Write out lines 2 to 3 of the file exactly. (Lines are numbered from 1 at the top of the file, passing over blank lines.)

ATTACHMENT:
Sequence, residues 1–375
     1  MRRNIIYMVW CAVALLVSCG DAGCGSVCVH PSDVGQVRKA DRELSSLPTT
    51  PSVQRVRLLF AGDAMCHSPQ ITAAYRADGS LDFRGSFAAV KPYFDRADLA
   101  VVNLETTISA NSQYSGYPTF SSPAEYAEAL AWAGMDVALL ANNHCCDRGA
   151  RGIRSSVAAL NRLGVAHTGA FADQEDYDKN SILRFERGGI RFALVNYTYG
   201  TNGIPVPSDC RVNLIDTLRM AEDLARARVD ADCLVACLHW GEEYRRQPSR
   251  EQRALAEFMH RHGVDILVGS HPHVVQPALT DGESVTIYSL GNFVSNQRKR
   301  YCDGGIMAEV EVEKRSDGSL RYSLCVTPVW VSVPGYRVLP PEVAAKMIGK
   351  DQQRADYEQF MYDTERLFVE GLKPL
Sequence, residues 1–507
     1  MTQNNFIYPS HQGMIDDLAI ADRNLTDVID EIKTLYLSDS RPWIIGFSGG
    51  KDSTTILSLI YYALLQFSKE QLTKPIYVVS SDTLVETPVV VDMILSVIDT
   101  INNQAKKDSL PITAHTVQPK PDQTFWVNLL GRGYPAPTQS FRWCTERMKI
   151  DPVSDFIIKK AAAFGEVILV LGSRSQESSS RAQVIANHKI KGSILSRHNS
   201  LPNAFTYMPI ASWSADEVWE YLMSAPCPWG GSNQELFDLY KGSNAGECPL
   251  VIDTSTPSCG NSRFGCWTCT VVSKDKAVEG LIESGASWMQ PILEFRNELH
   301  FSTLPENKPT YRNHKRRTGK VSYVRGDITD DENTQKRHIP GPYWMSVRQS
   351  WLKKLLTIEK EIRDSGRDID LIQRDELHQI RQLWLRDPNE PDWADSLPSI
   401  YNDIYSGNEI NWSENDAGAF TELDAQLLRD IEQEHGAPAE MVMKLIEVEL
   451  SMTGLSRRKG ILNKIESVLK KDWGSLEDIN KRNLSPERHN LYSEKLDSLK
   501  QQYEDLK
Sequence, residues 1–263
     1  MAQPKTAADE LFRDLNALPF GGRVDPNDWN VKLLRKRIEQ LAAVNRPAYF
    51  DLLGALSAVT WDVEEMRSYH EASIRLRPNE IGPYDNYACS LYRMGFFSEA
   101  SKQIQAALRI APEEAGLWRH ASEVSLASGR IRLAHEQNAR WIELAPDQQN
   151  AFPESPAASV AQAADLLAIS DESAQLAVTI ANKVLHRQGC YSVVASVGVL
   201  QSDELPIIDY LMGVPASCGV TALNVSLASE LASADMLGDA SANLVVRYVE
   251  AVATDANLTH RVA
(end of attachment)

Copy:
     1  MRRNIIYMVW CAVALLVSCG DAGCGSVCVH PSDVGQVRKA DRELSSLPTT
    51  PSVQRVRLLF AGDAMCHSPQ ITAAYRADGS LDFRGSFAAV KPYFDRADLA